The Tax Gap

By Mark Bertrang, The Creator of the Financialoscopy® on Thursday, October 15th 2020


I’ve heard that you can’t cheat death or taxes, but maybe you can cheat one of them.

The Internal Revenue Service periodically estimates the tax gap to gauge historical overall compliance of all types of taxpayers with their federal tax obligations. The estimates take into account federal taxes due as well as refundable and non-refundable tax credits.

Sustaining and improving taxpayer compliance is important because small declines in compliance cost the nation billions of dollars in lost revenue and shift the tax burden away from those who don't pay their taxes onto those who pay their fair share on time every year. Understanding the elements of the tax gap enables policymakers and tax administrators to make better decisions regarding how to allocate resources used to administer the tax code. All initiatives by the IRS to improve tax collection are intended to narrow the tax gap and increase compliance.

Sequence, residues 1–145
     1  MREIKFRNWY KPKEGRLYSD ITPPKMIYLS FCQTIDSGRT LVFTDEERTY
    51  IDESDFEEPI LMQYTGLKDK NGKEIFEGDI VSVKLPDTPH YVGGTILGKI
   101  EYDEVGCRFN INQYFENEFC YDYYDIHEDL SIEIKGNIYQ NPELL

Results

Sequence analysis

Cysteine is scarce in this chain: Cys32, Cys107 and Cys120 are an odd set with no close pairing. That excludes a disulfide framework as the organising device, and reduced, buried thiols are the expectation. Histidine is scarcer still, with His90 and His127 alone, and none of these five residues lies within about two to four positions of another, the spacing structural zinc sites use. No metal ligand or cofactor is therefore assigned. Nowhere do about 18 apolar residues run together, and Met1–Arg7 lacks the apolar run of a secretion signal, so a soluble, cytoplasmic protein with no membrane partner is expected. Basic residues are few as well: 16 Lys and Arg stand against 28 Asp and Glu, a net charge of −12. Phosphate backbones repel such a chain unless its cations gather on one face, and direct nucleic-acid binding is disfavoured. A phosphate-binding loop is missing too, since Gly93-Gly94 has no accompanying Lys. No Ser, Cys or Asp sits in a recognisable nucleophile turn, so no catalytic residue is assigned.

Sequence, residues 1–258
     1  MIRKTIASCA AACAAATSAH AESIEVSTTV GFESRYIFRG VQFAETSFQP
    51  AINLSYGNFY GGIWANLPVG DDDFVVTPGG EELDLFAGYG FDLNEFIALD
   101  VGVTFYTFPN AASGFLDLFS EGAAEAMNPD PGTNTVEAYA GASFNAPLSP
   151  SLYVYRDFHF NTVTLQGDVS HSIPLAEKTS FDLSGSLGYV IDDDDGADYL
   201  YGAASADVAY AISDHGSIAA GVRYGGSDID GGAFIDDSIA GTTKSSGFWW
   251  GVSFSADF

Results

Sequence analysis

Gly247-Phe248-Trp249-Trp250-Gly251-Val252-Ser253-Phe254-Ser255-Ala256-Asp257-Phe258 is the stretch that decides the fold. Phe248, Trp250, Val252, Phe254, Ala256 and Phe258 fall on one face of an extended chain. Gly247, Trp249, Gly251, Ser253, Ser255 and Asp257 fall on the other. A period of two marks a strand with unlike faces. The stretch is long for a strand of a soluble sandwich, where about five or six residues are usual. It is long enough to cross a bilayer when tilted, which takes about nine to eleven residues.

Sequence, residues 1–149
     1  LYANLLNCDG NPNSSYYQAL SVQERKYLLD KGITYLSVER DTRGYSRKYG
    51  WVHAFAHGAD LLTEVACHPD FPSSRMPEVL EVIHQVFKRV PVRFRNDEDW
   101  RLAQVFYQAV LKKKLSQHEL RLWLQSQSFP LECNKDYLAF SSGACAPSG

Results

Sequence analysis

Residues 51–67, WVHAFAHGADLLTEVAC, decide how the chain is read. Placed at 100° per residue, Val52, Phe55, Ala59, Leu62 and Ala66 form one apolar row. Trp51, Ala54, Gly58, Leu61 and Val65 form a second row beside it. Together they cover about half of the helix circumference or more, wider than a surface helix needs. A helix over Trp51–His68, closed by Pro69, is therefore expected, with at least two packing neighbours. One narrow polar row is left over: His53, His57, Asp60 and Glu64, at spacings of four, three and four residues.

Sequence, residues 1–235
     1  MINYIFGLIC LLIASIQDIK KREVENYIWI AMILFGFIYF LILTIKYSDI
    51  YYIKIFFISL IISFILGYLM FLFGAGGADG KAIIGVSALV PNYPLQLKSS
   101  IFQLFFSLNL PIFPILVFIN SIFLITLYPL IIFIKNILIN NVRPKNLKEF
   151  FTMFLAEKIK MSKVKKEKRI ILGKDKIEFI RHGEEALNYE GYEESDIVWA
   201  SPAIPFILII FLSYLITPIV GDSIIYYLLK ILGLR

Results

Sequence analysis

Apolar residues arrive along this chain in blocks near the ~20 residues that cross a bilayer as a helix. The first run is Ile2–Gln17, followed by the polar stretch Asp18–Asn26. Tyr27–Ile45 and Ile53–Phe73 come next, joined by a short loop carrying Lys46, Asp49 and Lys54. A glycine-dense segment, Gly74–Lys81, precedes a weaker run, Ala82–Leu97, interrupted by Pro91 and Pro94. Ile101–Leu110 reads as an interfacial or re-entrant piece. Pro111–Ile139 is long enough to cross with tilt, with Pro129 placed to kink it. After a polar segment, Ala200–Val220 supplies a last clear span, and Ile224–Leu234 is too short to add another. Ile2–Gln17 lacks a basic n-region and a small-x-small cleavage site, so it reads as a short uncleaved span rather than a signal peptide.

The latest estimates for tax years 2011, 2012 and 2013 show the nation's tax compliance rate is substantially unchanged from prior years. The average gross tax gap was estimated at $441 billion per year based on data from those three years. After late payments and enforcement efforts were factored in, the net tax gap was estimated at $381 billion.

The tax gap estimates translate to about 83.6%, of taxes paid voluntarily and on time, which is in line with recent levels. After enforcement efforts are taken into account, the estimated share of taxes eventually paid is 85.8%.   Which means that the federal government still isn’t getting almost 15% of which are due each and every year.


(For compliance source material purposes: )

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